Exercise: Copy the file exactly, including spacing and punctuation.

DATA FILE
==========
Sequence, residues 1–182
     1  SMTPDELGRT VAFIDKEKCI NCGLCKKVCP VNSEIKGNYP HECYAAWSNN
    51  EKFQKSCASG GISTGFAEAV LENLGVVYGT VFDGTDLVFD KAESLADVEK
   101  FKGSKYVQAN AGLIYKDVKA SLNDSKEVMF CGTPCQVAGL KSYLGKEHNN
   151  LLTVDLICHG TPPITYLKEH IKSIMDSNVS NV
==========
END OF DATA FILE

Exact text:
Sequence, residues 1–182
     1  SMTPDELGRT VAFIDKEKCI NCGLCKKVCP VNSEIKGNYP HECYAAWSNN
    51  EKFQKSCASG GISTGFAEAV LENLGVVYGT VFDGTDLVFD KAESLADVEK
   101  FKGSKYVQAN AGLIYKDVKA SLNDSKEVMF CGTPCQVAGL KSYLGKEHNN
   151  LLTVDLICHG TPPITYLKEH IKSIMDSNVS NV